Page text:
I suspect that Heard has a point, although the argument probably needs to be more nuanced and based on a little more than just Origen.  Such an argument looks odd to us, because we don’t use myth for teaching purposes in our day, and so we are ill-equipped to recognise that it *was* widely so used and what the rules of the game were.  We can tell from Plato’s “Laws” that it was so used; and Cicero’s letters discussing the dramatis personae of the Tusculan Disputations make it clear that there *were* rules. 

These examples off the top of my head, of course, and neither evidently applicable to Hebrew literature — about which I know nothing — but offered as a start.

8 thoughts on “Genre markers in Genesis

  1. Hey Roger,

    I think one would be hard pressed to show that Genesis is not meant to be taken as “literal” history given genre considerations. Of course Origen’s point about creation days is valid, but in the book of Revelation 22:5-6 there is no more light because God illuminates the New Heavens and New Earth. Since Revelation is a “recreation” it appears that maybe the passages in Genesis 1 are more literal than we think.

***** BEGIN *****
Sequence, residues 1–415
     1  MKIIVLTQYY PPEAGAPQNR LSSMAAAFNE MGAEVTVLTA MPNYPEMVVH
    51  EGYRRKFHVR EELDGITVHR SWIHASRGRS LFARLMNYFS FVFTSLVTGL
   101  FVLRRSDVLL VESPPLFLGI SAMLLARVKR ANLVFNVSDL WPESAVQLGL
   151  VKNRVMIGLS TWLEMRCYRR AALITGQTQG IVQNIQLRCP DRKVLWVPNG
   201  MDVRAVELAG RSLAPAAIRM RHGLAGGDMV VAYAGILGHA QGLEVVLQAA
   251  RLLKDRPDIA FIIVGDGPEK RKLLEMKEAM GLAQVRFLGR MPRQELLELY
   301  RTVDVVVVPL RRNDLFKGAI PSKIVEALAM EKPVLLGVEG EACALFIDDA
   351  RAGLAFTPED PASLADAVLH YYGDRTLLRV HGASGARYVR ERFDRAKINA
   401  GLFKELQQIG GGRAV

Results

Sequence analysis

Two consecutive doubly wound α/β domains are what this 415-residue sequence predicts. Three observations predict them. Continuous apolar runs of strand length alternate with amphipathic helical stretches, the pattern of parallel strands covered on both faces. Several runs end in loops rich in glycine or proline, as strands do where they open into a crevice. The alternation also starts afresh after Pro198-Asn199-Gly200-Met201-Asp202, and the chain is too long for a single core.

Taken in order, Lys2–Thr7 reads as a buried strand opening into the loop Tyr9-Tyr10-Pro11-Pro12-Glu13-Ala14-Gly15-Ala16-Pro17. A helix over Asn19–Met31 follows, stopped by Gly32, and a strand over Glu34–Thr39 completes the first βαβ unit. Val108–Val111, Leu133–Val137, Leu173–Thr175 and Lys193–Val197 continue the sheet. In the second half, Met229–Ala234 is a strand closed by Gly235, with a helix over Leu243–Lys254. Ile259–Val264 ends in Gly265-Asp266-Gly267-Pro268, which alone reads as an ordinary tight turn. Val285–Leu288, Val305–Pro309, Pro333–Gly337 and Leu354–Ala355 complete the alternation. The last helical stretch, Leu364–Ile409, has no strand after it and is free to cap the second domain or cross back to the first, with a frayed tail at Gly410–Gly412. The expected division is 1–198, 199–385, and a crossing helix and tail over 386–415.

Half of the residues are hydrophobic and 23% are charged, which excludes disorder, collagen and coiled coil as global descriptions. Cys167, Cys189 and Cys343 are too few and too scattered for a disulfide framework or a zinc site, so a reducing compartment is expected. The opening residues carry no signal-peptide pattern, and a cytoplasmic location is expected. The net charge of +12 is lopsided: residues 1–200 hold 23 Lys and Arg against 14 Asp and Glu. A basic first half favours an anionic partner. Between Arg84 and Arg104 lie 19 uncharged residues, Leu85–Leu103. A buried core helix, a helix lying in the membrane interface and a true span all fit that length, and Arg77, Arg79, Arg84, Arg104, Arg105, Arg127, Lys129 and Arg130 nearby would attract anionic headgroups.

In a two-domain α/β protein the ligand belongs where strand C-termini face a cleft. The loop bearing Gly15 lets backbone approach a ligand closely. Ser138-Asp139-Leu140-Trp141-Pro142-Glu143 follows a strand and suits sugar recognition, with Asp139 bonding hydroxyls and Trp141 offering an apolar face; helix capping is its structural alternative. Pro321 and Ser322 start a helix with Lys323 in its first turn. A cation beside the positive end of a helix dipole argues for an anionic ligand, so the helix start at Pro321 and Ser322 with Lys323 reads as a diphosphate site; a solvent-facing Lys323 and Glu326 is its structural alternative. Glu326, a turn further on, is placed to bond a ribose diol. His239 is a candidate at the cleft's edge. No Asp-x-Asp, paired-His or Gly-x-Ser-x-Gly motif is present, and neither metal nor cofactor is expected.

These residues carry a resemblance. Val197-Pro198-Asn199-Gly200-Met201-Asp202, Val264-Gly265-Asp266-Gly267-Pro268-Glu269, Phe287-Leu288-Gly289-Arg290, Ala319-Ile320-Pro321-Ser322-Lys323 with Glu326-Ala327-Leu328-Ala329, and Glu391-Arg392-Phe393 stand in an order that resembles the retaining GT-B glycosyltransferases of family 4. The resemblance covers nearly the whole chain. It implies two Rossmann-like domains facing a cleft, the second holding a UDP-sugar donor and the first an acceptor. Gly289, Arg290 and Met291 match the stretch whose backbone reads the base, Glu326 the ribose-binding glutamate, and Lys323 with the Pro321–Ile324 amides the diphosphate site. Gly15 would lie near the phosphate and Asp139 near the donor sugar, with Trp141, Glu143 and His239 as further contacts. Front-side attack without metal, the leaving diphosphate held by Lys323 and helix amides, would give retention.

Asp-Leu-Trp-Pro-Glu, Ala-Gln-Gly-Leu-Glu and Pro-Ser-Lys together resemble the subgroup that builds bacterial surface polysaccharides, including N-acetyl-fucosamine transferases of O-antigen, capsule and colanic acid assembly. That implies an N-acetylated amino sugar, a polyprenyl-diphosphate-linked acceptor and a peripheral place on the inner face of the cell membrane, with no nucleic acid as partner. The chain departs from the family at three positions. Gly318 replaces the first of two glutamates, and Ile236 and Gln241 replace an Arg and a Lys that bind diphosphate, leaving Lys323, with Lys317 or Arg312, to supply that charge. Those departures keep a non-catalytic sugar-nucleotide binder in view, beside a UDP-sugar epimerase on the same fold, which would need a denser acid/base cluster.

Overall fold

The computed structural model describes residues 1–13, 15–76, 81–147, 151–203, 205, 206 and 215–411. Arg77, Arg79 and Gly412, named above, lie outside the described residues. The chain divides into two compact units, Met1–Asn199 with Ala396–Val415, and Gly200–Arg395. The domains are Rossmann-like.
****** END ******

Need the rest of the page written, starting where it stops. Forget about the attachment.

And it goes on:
Also, if God did create in 6 days I imagine that the world during that time would be a rather different place than the one we experience.

    As far as NT Wrong is concerned, I have always wondered who he is. Oh well…

    Blake

  2. Origen’s interpretation of the six days as one day is indeed apologetic — an ancient apologetic attempt to reconcile Gen 1 with Gen 2.4. Whereas Gen 2.4 talks about the single “day” on which the Earth was made, Gen 1 talks about 6 days. So Origen interpreted the “six days” as figurative, in order to harmonize what he saw as a contradiction.

    Origen does the same thing in Against Celsus 6.50. The same apologetic recourse to metaphor is again seen in Philo, On the Creation 13 and R. Nehemiah in Genesis Rabba 12.4. Other ancient interpreters took a different tack – they argued that the six days were literally correct and the one day wasn’t (eg Chrysostom, Homilies on Genesis 3.3). When it comes to apologetics, after all, the interpretation doesn’t matter so much as the result which is achieved.